Home & Garden

A slice of summertime

On New Year's Day, with a temperature of 14 and snow powdering the Flint Hills, Eric Nelson showed me around his little slice of summertime in Council Grove. I needed one. Sick of the cold and the ice and jarred salsa, I'd been looking forward to seeing the place where I'd heard ripe red garden-variety tomatoes were growing in pots of perlite and peat.

Wichitans have been buzzing about the garden tomatoes being sold at Johnson's Garden Center that have familiar names like Jet Star and Big Girl (though they are not labeled).

Marty Johnson told me that the tomatoes came from Neosho Gardens in Council Grove, which provides annuals, perennials and other plants to independent garden centers in Kansas, Missouri and Nebraska. It turns out that owner Eric Nelson started growing garden varieties of tomatoes last winter as one way to try to make up for a dwindling demand for his poinsettias. Not that poinsettias are falling out of favor — it's just that mass-marketers have driven the price down, and Nelson's costs don't allow him to go that low.

Now Johnson's is one of a few regional businesses that sell Nelson's tomatoes at a time farthest from when we can get them from the garden and when most of those in the grocery store are from Mexico.

"Everybody that eats a sample buys a tomato," east-side Johnson's manager Wes Hostetler told me. How could you not?

"They taste just like tomatoes in July," Marty Johnson said. To boot, Nelson uses beneficial insects instead of chemical pesticides, and brings in bees for pollination.

"It's incredible," Johnson said.

Nelson has nine acres of greenhouses, built one after another over previous cold winters, and while every inch of space is vibrating green in the spring, the space is mainly empty once the poinsettias ship out for Christmas.

On this New Year's Day, cuttings of New Guinea impatiens and seedlings of other annuals and perennials were just peeking out over the edges of their teeny pots. Boston ferns made for a tropical roof, hanging up against the glass, closest to the sun.

We walked from greenhouse to greenhouse, out of the elements, warm, I thought, until we came to the last one. Then Nelson opened the door on real warmth. Tomato-growing warmth. Seventy degrees.

And there they were. Three thousand tomato plants divided into two long swaths on either side of the greenhouse, climbing string to a height as tall as the 6-foot-2 Nelson can reach _ 8 feet.

"I don't want to pick off ladders," he said.

The plants looked healthy, well-behaved, bearing clusters of tomatoes in green, yellow, red and heirloom Cherokee Purple. Nelson explained how he and his staff pinch out the suckers to produce one main stem, and tie it to the string as it grows higher and higher, picking the tomatoes as they grow from the bottom up.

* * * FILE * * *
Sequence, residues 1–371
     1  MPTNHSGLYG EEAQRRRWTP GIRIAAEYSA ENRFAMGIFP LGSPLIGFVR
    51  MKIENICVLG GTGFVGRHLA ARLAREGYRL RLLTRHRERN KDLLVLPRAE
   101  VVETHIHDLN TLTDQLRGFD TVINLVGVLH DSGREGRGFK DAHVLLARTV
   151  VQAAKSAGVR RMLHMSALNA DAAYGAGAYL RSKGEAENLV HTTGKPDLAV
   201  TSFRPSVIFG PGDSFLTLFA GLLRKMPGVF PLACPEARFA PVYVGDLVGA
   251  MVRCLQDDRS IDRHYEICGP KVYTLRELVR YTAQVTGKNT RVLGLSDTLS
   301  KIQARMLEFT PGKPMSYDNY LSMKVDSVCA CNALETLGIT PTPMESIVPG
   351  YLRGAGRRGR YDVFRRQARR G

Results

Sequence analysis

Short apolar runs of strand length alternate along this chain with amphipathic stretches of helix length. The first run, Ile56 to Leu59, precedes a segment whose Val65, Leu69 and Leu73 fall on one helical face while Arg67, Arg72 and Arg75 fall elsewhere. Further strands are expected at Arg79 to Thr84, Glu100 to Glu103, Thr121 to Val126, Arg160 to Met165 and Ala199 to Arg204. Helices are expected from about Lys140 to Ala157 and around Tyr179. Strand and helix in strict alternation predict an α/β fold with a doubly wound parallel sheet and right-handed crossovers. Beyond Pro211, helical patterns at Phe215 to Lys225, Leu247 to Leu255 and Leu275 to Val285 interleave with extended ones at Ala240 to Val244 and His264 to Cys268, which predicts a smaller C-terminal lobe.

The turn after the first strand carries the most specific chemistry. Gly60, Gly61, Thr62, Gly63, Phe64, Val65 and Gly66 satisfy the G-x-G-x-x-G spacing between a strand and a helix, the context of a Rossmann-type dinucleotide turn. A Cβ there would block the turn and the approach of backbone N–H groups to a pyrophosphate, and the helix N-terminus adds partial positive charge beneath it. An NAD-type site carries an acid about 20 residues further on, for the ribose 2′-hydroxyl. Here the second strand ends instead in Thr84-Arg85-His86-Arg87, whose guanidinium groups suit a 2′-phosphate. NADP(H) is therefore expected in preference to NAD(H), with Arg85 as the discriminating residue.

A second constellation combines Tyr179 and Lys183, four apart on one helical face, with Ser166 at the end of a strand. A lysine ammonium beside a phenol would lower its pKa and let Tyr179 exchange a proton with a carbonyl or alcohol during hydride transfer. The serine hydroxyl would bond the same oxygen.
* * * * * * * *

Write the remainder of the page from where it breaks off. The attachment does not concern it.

I snapped photos of boxes of the colorful fruits like I was on vacation, Nelson protesting because "those are Number 2s!," his way of pointing out blemishes. But they looked like a sunny beach to me.

Nelson grows 12 or 13 varieties, some names we'd recognize, others as foreign as a ribbed variety from Holland. Some of them have developed blossom end rot — he won't be growing those again — while one commercial variety from Florida, BHN-589, bred for flavor and not for shipping, has performed beautifully.

The tomatoes cost $3.39 a pound at Johnson's, which sounds high only until you take Nelson's $25,000 heating bill into account. And that was for last month, not for this January deep freeze.

"If the tomatoes are high quality and taste good and you want that in a tomato, it's worth it because you're not going to get them anywhere else," Sedgwick County extension agent Rebecca McMahon said. "His cost is probably at least that. You're probably getting a decent deal."

Envisioning his January heating bill, Nelson indeed doesn't seem convinced that he's found his wintertime solution in tomatoes. He is also growing pots of gorgeous lettuce in a cooler greenhouse; big heads of Bibb are for sale at Johnson's for $2.98 each. "They're picture-perfect," Wes Hostetler says.

Unfortunately, disease wiped out Nelson's attempt to grow winter cucumbers, but the idea itself warms me.

The new year has gotten off to a good start, visions of sugar plums having been quickly replaced with salted tomatoes.

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